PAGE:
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August blog and update

Update on Calverley Grounds

We put forward a motion in June at an Emergency Council Meeting which were intended to “stop all spending on the Calverley Square project with immediate effect” .The Civic Development is at RIBA stage 4 which entails a detailed design, evaluation of trade packages and environmental preparation. Mace, the newly appointed construction consultants, will be reporting back to the council soon on their final proposals. The total cost of the scheme so far will be around £10.5m. However, after some cross party negotiations, it was agreed that the parties put forward alternative proposals and a panel of councillors have been appointed. On behalf of the Lib Dems, Cllr. Mark Ellis, is representing our residents. It was further agreed at Full Council that all councillors should be involved in deciding whether RIBA Stage 5 goes ahead or not. Yesterday, Wednesday 28th August, councillors met again to be briefed by the council’s experts what the newly estimated cost of the CD scheme would be. We learnt that it was expected to amount to a gross cost of £108m for the entire new build but that the net loan sought would only be £87m (assuming that external funding would be granted or found). That means that the council are only borrowing a further £10m extra on top of the original £77m they were going to seek from the Public Works Loan Board who are able to lend at very low rates to public bodies. Net interest on the loan was expected to be £2.3m so the annual repayments stay the same. That was possible because of favourable low rates at 2.15%pa.

If full council approve the next stage, then a 2 stage construction would start in January 2020. However, the continuation of the CD is dependent on all parties being in agreement. At present, the Lib Dem position is that we feel the building of new offices and a new theatre is not necessary to the cultural or economic growth of the town. The scheme is the wrong scheme and in the wrong place. We do not think that a council such as Tunbridge Wells needs to take on such a commercially risky venture at this time. There are less expensive options that we need to explore. We can enhance the “Cultural Quarter” of Tunbridge Wells by building on what we already have. The arguments will continue until our next full council meeting on 25th September. See www.twlibdems.org/civicdev formore details.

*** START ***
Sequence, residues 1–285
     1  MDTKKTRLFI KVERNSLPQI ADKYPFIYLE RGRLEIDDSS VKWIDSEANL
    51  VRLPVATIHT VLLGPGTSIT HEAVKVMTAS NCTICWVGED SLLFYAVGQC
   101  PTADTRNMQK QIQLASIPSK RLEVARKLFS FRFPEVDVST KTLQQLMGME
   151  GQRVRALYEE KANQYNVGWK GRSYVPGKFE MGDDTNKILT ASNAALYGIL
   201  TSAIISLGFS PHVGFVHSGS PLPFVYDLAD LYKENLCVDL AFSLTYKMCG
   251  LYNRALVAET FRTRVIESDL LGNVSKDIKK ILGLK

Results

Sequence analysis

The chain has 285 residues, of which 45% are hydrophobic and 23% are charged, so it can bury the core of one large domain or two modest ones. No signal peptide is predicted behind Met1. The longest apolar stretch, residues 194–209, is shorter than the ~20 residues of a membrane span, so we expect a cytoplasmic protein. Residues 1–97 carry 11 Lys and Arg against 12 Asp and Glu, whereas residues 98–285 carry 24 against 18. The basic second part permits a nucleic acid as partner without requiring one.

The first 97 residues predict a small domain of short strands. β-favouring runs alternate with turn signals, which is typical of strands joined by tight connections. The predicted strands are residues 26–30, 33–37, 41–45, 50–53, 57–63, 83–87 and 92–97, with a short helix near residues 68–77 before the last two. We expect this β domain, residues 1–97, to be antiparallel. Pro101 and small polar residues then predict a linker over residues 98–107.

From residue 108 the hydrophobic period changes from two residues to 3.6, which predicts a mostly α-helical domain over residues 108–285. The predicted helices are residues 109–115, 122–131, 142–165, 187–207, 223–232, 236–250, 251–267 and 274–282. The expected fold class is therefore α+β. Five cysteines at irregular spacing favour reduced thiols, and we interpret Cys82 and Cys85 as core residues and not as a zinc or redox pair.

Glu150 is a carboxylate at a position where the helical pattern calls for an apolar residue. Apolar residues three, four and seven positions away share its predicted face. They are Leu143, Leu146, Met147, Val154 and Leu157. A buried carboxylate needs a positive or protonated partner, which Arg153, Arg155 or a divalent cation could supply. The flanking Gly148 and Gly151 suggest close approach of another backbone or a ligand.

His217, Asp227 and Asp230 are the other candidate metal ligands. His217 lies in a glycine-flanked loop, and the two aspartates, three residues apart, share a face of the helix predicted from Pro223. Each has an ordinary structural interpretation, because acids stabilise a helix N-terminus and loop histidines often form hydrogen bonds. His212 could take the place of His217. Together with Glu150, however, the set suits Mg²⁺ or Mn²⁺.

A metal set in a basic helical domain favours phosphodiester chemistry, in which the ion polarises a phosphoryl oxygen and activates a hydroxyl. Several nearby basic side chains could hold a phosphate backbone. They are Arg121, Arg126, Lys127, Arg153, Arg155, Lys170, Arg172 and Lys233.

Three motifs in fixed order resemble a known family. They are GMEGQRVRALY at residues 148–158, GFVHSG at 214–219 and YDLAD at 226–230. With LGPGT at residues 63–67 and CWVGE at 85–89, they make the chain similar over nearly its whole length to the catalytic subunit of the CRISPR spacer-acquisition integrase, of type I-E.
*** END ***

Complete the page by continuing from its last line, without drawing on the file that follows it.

St John’s Low Traffic Neighbourhood There is an ongoing item at JTB on rat-running in St John’s. Your Councillor Pete Lidstone has been in discussion with Adrian Berendt, who was instrumental in introducing 20s Plenty to St. John’s Ward, and we feel KCC should take a holistic approach and use the existing 20mph zone as a platform to look at establishing a ‘Low traffic neighbourhood’ in St John’s. This ties into Cllr. Mark Ellis’ idea about St John’s as the ‘education quarter’ of TW. Key to this will be getting our Kent County Councillor, Peter Oakford, onside.

Cllr. Lidstone has written to Cllr. Oakford regarding declaring St. John’s a “low traffic neighbourhood”.

one of Kent’s largest 20mph zones in St John’s, but there remain significant issues in the area: